If you're imaging with a "color" sensor (OSC), the multi-narrowband filters such as the STC Duo, OPT Triad or Triad Ultra, or Optolong L-Enhance are your next best bet, again for emission nebulae. You can of course use standard single narrowband filters, but less efficient as most of your pixels won't be doing anything (red pixels won't see much in OIII or SII, same for blue and green in Ha).
If you're looking to image broadband targets (galaxies, reflection nebulae, etc) the L-Pro and IDAS LPS-D2 are both pretty good, the L-Pro is thought to maintain natural color balance a little better, at the expense of a little less light rejection. Neither is going to work as well narrowband, though.

Good luck!


Thank you so much for your advice. It is very helpful!

#9 HydrogenAlpha

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Posted 30 July 2019 - 04:25 AM

+1 on FlankerOneTwo. 

 

I found there are three kinds of filters, UHS, L-PRO and CLS. 

You absolutely shouldn't be using any of these. 

 

The beauty of having a mono camera is that you can use narrowband filters (SII, HA and OIII). I almost exclusively image in narrowband as I live in a bright city. For narrowband filters, I recommend a bandpass of 7nm or less. The smaller the bandpass the better, but costs go up rapidly. The baader enforced filters seem like a good balance between price and low bandpass.



#10 hongxu chen

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Posted 02 August 2019 - 01:16 AM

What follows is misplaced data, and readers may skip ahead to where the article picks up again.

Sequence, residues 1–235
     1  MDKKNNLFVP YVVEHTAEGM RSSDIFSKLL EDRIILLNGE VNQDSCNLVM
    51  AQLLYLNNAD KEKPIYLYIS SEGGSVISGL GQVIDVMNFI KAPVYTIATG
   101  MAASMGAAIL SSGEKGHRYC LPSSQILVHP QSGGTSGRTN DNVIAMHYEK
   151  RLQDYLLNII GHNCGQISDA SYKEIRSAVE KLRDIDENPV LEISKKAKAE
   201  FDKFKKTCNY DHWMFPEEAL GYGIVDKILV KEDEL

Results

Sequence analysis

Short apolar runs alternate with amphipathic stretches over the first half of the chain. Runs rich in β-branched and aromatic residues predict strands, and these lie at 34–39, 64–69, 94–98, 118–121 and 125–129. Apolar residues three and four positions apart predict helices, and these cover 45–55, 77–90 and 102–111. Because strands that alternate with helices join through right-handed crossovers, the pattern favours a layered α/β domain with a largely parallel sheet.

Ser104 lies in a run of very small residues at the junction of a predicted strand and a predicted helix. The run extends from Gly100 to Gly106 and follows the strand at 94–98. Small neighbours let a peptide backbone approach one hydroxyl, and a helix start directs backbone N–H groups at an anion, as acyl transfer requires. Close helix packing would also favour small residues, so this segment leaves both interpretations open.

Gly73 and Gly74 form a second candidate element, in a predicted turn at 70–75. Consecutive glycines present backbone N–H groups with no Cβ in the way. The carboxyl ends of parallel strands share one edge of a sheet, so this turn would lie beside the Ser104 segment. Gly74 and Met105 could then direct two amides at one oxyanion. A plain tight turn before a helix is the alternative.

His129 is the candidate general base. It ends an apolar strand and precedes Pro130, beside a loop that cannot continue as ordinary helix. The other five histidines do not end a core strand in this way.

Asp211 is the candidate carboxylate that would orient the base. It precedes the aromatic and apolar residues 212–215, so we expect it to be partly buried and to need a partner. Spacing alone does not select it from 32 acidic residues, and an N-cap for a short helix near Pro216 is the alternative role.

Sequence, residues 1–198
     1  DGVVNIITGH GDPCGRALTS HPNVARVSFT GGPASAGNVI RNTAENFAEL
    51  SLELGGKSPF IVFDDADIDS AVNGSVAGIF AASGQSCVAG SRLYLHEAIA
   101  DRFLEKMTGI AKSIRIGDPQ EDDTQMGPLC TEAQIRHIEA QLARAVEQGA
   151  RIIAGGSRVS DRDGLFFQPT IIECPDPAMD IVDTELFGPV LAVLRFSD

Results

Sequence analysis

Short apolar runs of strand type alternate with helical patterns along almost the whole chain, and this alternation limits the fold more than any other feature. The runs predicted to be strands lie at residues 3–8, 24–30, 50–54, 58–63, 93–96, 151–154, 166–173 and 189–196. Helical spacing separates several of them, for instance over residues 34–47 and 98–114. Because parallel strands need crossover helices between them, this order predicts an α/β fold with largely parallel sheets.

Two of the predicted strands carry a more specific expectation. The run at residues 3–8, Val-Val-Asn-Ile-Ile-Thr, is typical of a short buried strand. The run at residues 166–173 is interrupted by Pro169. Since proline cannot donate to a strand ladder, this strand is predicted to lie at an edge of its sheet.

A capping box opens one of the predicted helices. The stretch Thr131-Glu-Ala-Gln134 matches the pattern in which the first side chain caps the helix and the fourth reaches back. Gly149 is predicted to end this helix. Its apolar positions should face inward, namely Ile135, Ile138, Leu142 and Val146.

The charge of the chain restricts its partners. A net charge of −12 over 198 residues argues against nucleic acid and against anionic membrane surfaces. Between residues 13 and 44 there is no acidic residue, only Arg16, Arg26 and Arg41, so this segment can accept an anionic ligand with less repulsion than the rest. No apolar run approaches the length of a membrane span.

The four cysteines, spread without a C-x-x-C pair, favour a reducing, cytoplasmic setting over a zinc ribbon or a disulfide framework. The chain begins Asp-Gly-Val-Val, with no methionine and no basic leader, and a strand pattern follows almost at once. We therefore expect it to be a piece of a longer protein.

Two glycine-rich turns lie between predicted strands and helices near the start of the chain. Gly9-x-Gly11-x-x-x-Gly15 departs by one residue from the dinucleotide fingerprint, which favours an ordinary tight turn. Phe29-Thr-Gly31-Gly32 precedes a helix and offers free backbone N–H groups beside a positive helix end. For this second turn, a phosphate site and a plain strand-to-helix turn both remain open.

+1 on FlankerOneTwo. 

 

You absolutely shouldn't be using any of these. 

 

The beauty of having a mono camera is that you can use narrowband filters (SII, HA and OIII). I almost exclusively image in narrowband as I live in a bright city. For narrowband filters, I recommend a bandpass of 7nm or less. The smaller the bandpass the better, but costs go up rapidly. The baader enforced filters seem like a good balance between price and low bandpass.

How about optolong? It is cheaper than Baader. 



#11 FlankerOneTwo

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Posted 02 August 2019 - 03:26 AM

I've had good results with the 7nm Optolongs narrowbands (as well as their other filters), however their focus point is waaaay different than the Astrodon LRGBs that I use. Probably not a big deal if you focus manually or use fixed focus offsets, but FocusLock wasn't happy with how large the offset was from the guide star on which it was focusing through the ONAG. Might be an issue if you cycle through the filters instead of running them as a batch, and particularly if there is some slip in your focuser (as systems that attach to the fine focus pinion of a Crayford focuser may be prone to have). In that case, I found that the less driving around the focuser had to do, the better.



#12 hongxu chen

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Posted 03 August 2019 - 07:10 AM

I've had good results with the 7nm Optolongs narrowbands (as well as their other filters), however their focus point is waaaay different than the Astrodon LRGBs that I use. Probably not a big deal if you focus manually or use fixed focus offsets, but FocusLock wasn't happy with how large the offset was from the guide star on which it was focusing through the ONAG. Might be an issue if you cycle through the filters instead of running them as a batch, and particularly if there is some slip in your focuser (as systems that attach to the fine focus pinion of a Crayford focuser may be prone to have). In that case, I found that the less driving around the focuser had to do, the better.


It that AR version? Or normal one?